A set of principles underpins all our design decisions and guides us when we need to make hard choices. This set is a criteria for what makes good design at Bulb and all design patterns are evaluated against it.
We achieve simplicity by prioritizing direction over choice. Offer one thought-out optimal path to the member. In most situations, there is a best path, choice or solution. Do research and find out what it is. Do the hard work, so that our members don't have to. Examples:
- One prominent call to action per screen. For example, in the move out process, it might have been useful to have multiple calls to action but we chose to display the most important one.
- One email one message.
- One question at a time in the Join journey, binary questions rather than multiple options.
- Simple, consise and straightforward tone of voice.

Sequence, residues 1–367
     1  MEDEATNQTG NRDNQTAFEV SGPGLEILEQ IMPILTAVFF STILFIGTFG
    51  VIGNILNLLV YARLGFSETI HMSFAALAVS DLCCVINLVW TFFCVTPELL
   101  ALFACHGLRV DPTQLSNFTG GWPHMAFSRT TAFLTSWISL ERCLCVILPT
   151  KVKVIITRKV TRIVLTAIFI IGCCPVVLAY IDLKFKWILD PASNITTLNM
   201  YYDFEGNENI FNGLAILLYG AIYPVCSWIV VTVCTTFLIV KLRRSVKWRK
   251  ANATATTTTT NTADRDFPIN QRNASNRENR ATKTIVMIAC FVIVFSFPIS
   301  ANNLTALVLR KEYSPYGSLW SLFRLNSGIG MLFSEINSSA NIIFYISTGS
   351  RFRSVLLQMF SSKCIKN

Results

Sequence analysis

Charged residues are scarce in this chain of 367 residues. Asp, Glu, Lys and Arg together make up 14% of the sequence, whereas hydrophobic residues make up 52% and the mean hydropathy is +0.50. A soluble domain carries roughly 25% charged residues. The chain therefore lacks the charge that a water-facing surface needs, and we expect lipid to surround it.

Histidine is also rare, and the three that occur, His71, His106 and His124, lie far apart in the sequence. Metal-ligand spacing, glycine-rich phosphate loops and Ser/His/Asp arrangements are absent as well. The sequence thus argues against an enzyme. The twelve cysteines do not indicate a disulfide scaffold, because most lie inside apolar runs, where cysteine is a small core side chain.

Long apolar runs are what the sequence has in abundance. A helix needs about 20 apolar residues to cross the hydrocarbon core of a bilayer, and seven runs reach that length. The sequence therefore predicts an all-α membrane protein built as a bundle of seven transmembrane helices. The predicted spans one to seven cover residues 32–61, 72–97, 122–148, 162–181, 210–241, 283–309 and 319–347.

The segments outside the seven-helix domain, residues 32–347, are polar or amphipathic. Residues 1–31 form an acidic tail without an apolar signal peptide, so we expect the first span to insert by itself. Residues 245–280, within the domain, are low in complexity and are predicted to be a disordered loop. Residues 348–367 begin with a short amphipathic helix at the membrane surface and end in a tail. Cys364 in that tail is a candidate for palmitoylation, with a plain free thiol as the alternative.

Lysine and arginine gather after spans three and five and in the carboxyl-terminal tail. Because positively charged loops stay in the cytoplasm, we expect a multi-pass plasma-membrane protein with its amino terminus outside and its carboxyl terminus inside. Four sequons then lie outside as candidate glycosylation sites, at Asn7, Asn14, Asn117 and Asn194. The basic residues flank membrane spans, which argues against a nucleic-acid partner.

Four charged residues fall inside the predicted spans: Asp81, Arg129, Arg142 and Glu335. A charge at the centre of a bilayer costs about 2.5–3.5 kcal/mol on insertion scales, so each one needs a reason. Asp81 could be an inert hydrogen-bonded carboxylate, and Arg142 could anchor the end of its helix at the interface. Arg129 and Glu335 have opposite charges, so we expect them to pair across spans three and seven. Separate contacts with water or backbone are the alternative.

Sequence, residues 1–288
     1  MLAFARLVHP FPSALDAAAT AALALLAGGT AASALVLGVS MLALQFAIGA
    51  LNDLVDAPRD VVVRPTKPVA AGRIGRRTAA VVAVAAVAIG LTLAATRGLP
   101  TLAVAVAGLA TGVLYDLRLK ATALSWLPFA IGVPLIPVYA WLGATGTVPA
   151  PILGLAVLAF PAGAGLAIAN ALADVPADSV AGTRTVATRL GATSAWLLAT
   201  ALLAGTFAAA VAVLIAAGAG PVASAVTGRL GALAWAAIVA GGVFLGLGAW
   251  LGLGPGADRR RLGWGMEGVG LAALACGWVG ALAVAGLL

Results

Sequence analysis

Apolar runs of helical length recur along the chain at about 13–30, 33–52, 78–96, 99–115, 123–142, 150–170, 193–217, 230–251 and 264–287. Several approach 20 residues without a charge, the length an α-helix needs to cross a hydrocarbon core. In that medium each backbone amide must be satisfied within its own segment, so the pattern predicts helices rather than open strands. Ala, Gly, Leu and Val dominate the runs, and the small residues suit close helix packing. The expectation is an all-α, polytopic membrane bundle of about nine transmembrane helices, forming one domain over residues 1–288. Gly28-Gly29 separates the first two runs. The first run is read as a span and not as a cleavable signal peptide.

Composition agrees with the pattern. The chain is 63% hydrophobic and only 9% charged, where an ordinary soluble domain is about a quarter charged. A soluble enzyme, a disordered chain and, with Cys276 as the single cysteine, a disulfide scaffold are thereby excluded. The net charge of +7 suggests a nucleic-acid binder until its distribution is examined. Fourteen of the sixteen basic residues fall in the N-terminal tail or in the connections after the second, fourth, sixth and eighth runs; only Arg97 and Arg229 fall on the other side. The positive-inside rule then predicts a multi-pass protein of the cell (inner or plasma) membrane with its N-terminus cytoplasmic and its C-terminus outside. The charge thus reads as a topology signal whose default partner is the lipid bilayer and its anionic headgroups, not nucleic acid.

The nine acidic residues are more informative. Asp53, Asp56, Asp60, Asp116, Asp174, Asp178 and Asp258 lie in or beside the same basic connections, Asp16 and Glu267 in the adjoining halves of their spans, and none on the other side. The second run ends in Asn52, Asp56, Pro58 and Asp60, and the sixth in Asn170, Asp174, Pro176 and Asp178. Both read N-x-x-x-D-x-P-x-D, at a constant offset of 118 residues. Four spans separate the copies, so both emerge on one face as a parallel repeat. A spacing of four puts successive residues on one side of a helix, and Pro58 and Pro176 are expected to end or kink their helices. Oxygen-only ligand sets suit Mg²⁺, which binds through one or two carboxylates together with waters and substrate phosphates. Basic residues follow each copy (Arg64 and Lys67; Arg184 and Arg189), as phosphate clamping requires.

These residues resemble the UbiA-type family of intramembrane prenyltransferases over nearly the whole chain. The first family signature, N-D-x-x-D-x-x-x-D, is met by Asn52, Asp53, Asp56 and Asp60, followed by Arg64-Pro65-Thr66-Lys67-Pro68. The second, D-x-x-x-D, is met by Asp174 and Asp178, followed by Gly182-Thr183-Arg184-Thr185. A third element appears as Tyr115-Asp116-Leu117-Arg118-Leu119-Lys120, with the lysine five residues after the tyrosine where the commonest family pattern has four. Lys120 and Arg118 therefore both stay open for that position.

Like a good children's toy, Bulb should be built for exploration. Anyone should be able to understand how it works without an instruction. You just try it out and see what happens. It's easy to undo and impossible to break. And when we say 'anyone' we mean it. The products and services we create should be accessible for all people, regardless of their mental or physical abilities. Examples:
- Labels are specific to actions, so that they don't need additional instructions.
- Chunky buttons and controls, large type, bold but simple colour choices, thick outlines, not bitty, components don't break at different screen sizes.
- Robust reusable code.
Don't be afraid to have fun and experiment. But while you have a license to be silly, empathy for our members is everything. Let our personality show, but be serious when you need to be. Examples: Illustrations with humour, bold simple colours (one tone, flat, no gradients).